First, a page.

If this story seems like it is going on forever, just imagine how we felt – Now where was I…
After getting ourselves into a situation far more difficult than we bargained for, it was now dark. We had to face the fact we were going to spend the night in the desert.
You hear stories of guys who to get stuck for the night all the time. Bill Nichols apparently has a number of them. When it happens to you, well, it seems monumental. The good news, for the most part we prepared for this eventuality. At the time, I could still think of a whole laundry list of things to wish for in my backpack. Sort of like Felix the Cat and his magical bag of tricks. Does anyone even remember this reference? It certainly seems ironic I had just written a feature on what to carry in the backpack. Don’t be surprised to see my update on that topic soon!
Jimmy and I had walked a distance down the mountain, almost to the bottom. But we could go no further. There was nothing left to do but find a place to get comfortable for the night. We decided on a narrow ravine, just a few feet wide, but well down out of the wind. It had just enough flat space for us to lie down. There was plenty of brush around to build a fire.
Jimmy had just a few drops of water left in his pack. We finished it off with a couple of quick sips. The situation was less than ideal, but not exactly critical. The canyon we were in has a nice oasis area just about a mile from our location. I knew this from my previous trip there. Having just rained, I knew we could easily find fresh water. I had known all this since before the trip ever started, so I was not completely unprepared.
I had suggested we walk to the water in the dark. Jimmy felt it was more important, considering the darkness and our physical exhaustion, for us to conserve our energy. While the distance to water was not far, the walk would be over an area of nothing but rocks, cactus and more ravines, his suggestion seemed best. We would be fine until morning and then could decide how critical the water situation was.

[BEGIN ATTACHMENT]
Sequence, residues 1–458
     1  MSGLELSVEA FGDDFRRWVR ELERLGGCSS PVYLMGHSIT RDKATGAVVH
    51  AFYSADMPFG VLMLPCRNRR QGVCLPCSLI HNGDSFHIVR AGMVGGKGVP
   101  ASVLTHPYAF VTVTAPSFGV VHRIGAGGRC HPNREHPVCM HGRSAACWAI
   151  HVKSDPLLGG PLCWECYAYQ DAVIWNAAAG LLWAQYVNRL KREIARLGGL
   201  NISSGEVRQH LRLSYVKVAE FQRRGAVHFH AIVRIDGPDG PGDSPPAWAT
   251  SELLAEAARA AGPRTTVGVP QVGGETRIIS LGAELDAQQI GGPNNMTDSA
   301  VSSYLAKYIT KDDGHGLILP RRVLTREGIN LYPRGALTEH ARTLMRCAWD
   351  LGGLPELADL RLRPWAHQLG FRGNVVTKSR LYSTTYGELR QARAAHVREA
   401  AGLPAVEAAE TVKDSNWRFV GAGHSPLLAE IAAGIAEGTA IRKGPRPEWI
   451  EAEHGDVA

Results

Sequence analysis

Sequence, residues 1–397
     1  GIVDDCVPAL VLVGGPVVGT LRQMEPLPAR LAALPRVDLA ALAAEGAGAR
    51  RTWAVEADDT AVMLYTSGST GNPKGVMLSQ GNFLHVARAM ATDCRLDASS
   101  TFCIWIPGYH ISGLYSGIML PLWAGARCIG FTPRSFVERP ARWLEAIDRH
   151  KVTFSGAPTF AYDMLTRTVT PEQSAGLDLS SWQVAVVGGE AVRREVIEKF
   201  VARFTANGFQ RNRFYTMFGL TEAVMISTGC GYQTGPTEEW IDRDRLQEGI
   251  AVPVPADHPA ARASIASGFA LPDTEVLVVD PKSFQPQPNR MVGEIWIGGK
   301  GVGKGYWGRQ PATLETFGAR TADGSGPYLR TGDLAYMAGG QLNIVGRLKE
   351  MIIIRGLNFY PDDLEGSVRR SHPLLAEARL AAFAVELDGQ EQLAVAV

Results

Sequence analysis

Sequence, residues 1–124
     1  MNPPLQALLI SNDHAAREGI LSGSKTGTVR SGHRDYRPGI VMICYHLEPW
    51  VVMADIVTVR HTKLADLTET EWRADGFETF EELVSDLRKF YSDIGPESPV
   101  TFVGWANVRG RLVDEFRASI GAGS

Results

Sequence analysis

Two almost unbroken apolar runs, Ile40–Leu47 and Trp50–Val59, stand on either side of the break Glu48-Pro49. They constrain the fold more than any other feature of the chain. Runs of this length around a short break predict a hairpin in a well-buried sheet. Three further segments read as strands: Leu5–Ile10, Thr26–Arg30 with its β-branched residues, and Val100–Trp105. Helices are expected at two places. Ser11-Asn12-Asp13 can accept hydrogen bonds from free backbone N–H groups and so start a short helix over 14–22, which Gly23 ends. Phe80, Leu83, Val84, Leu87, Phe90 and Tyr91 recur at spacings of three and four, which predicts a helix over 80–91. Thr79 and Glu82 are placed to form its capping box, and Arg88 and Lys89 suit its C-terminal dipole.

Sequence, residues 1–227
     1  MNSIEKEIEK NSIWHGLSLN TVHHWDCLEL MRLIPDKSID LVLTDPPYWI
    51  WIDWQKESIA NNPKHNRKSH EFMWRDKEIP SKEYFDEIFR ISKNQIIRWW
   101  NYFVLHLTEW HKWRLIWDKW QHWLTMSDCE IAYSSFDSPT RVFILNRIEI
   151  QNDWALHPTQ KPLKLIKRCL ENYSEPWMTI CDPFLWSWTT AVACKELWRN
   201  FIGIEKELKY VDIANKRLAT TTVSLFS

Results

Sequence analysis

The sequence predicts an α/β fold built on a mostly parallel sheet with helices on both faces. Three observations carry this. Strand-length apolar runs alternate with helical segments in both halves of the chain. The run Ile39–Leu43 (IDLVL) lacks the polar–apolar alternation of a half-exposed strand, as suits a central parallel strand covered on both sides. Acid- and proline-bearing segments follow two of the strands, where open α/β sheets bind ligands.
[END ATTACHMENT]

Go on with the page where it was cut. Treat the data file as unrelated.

As we prepared to bed down, I was absolutely soaked with sweat. My t-shirt, jersey, gloves, socks and helmet were saturated. It was not cold yet, but would be soon. I stripped out of my wet clothes. I had my Klim revolt pullover and a fleece vest in my pack to put on. I also had my winter gloves and fleece neck warmer. I wrapped a bandana around my neck. I then removed the windstop liner from my helmet, placed it over my head and pulled the neck warmer down over the top of my head and face. I am sure it looked silly, but it kept me warm.
I stretched out on the ground and was asleep in minutes. It did not last long. After a short nap, the hard ground and a few annoying flies kept me awake. I toughed it out until about midnight, by then we were both freezing. It was time to make a fire. We had lots of fuel, but it was all quick burning brush. The rest of the dark hours were split between short sleep periods and tending the fire.
While we were cold, it was simply a matter of discomfort, nothing serious. My lower body had also been very wet when I went to sleep. I was wearing “Heat Out” skins from Cycle Gear and they dried quickly under my Dakar pants. I have gone to wearing wool blend hiking socks in the winter and they too did a good job of keeping me warm. Should you ever find yourself in this situation, we found sleeping back to back to be the warmest position.
It was beautiful out under the stars. Few areas we ever travel are as dark as the Baja peninsula. However, the first glows of sunlight on the horizon were far more welcome. As you might imagine, we were both ready to have this adventure come to a close, or at least reach a road were we could actually be riding again.
Once the sun was up and the warmth of the day began, we were quickly in better spirits. The solution to our troubles was easy to see in the daylight. It took nearly as long for me to walk back up the mountain to reach my motorcycle, as it did to ride it out. Within an hour, we had both bikes down the bottom of the canyon. We still had a bit of navigating to do to reach the road, but it would all be relatively easy compared to the work we had already completed.